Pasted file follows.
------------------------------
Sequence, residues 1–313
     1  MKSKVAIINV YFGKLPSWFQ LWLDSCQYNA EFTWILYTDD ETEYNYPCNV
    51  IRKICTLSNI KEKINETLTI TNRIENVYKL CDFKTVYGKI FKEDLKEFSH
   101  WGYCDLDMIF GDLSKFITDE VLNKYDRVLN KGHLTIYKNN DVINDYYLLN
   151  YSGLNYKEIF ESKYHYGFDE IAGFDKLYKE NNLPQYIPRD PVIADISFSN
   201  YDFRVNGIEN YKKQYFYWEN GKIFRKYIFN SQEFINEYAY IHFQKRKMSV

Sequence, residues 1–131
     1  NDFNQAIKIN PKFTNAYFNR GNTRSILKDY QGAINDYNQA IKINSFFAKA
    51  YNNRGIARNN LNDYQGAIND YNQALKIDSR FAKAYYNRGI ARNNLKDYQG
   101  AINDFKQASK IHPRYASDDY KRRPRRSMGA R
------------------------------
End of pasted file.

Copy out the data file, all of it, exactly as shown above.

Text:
Sequence, residues 1–313
     1  MKSKVAIINV YFGKLPSWFQ LWLDSCQYNA EFTWILYTDD ETEYNYPCNV
    51  IRKICTLSNI KEKINETLTI TNRIENVYKL CDFKTVYGKI FKEDLKEFSH
   101  WGYCDLDMIF GDLSKFITDE VLNKYDRVLN KGHLTIYKNN DVINDYYLLN
   151  YSGLNYKEIF ESKYHYGFDE IAGFDKLYKE NNLPQYIPRD PVIADISFSN
   201  YDFRVNGIEN YKKQYFYWEN GKIFRKYIFN SQEFINEYAY IHFQKRKMSV

Sequence, residues 1–131
     1  NDFNQAIKIN PKFTNAYFNR GNTRSILKDY QGAINDYNQA IKINSFFAKA
    51  YNNRGIARNN LNDYQGAIND YNQALKIDSR FAKAYYNRGI ARNNLKDYQG
   101  AINDFKQASK IHPRYASDDY KRRPRRSMGA R